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What ‘Game of Thrones’ Says About Resilience
May 29, 2019 - Contact FacilitiesNet Editorial Staff »
Institutional and commercial facilities are taking a closer look at worst-case scenarios. From cyberattacks and active shooters to rising ocean levels and other natural disasters, facility managers are starting to understand the importance of emergency preparedness, business continuity and, ideally, resilience in protecting their facilities and the broader organization.
A growing pool of resources is emerging to help managers in this quest, but potential resilience lessons also might have come from an unexpected source: “Game of Thrones.” The program’s final episode, in addition to bringing important story lines to a close, provided insights and created opportunities to discuss resilience, according to an article in Forbes.
“At its heart, the show was never the story of a charismatic leader’s rise,” writes Chloe Demrovsky. “Rather it was a masterpiece of sociological storytelling that showed us how people are shaped by the structures and institutions around them. King’s Landing, in particular, has a long road ahead to recover from the ashes of the Dragon Queen’s wrath and build back better for a more resilient future. Watching the beautiful city burn in the penultimate episode, I couldn’t help fearing for the actual city of Dubrovnik, Croatia, where the King’s Landing sequences were filmed. Dubrovnik is a historical treasure of renowned beauty and a UNESCO World Heritage Site. But is it a resilient city? Is it actually protected against dragon fire and other more worldly hazards? Could it burn like that in real life?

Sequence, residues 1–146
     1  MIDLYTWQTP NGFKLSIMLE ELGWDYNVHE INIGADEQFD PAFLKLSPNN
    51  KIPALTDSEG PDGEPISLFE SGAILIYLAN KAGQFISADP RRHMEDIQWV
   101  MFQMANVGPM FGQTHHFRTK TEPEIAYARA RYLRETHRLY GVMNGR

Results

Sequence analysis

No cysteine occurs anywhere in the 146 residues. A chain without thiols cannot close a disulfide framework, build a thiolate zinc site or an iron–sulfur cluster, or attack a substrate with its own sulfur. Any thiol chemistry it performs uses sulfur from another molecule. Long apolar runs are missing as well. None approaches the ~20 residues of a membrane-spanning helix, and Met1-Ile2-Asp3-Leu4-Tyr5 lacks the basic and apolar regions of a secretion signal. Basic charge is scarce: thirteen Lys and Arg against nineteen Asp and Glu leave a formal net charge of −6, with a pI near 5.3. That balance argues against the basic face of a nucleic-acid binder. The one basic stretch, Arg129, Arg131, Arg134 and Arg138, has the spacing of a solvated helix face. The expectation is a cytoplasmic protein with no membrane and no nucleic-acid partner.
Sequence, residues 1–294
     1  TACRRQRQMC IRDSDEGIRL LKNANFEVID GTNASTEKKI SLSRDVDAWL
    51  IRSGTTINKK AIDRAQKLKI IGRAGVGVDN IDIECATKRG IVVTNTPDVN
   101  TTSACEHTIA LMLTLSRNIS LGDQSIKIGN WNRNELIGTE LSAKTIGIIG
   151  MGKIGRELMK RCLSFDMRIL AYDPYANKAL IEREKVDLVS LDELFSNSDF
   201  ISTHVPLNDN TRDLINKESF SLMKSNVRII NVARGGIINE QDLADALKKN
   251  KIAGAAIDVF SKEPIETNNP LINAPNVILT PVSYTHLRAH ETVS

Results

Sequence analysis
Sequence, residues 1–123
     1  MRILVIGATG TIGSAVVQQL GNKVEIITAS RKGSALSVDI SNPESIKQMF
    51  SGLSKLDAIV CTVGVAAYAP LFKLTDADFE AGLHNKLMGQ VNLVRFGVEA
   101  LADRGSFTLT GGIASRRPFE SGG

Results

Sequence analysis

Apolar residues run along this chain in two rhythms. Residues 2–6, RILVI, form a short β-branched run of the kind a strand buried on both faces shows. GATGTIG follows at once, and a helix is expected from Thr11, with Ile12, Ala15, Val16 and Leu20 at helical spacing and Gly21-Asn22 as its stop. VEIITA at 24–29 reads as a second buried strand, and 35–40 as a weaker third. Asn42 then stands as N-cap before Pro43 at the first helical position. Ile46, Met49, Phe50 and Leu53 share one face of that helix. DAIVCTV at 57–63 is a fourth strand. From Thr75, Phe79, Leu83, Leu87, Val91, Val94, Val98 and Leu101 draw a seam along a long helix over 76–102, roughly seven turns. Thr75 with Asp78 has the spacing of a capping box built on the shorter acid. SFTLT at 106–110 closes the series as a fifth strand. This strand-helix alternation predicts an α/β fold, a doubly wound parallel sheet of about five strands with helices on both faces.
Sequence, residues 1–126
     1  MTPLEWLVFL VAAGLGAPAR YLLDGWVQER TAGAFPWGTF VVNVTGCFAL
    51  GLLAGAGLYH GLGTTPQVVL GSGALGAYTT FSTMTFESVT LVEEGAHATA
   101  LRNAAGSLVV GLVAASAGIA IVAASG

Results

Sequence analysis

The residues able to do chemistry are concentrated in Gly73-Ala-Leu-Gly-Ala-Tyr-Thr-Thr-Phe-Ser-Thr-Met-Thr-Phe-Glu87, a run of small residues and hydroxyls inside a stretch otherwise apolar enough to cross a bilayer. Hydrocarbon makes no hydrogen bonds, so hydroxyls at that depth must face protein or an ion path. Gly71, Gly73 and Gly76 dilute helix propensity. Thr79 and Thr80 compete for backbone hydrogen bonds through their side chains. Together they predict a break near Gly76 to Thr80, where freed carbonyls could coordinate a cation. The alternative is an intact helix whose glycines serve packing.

“We saw how complex it can be to respond to a fire in a historic site with the recent tragedy that engulfed Notre-Dame de Paris. (Heritage) sites and treasures housed within them are often one of a kind and once lost are lost forever irrespective of whether or not they were insured. Protecting them may involve altering or otherwise damaging these historic places in order to install state-of-the-art protection systems. Notre-Dame was just one historic building, albeit a mighty one. What would happen to an entire historic city under duress?
“Well, we had better put resilience plans into action all over the globe or we all risk becoming very brittle and collapsing like Brienne in her weepy farewell to Jaime Lannister. How do we do that? Resilient organizations, whether cities, businesses, or for that matter countries, are not built solely by strong leaders, although they are shaped by them. They require strong processes, institutions and a culture of learning from the mistakes of the past.”
Dan Hounsell is editor-in-chief of Facility Maintenance Decisions.